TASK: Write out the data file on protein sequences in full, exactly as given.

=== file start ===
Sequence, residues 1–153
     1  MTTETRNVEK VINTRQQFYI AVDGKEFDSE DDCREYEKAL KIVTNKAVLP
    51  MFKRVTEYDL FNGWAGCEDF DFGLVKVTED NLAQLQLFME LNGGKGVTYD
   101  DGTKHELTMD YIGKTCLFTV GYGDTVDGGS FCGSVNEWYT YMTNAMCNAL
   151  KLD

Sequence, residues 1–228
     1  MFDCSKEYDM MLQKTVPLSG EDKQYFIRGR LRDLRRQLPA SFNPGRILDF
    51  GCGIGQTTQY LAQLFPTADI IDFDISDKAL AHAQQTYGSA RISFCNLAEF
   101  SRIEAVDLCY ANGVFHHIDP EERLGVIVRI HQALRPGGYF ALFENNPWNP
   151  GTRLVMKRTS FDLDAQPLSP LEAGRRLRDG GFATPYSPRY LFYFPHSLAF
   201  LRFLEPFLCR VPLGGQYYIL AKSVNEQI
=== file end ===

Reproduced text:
Sequence, residues 1–153
     1  MTTETRNVEK VINTRQQFYI AVDGKEFDSE DDCREYEKAL KIVTNKAVLP
    51  MFKRVTEYDL FNGWAGCEDF DFGLVKVTED NLAQLQLFME LNGGKGVTYD
   101  DGTKHELTMD YIGKTCLFTV GYGDTVDGGS FCGSVNEWYT YMTNAMCNAL
   151  KLD

Sequence, residues 1–228
     1  MFDCSKEYDM MLQKTVPLSG EDKQYFIRGR LRDLRRQLPA SFNPGRILDF
    51  GCGIGQTTQY LAQLFPTADI IDFDISDKAL AHAQQTYGSA RISFCNLAEF
   101  SRIEAVDLCY ANGVFHHIDP EERLGVIVRI HQALRPGGYF ALFENNPWNP
   151  GTRLVMKRTS FDLDAQPLSP LEAGRRLRDG GFATPYSPRY LFYFPHSLAF
   201  LRFLEPFLCR VPLGGQYYIL AKSVNEQI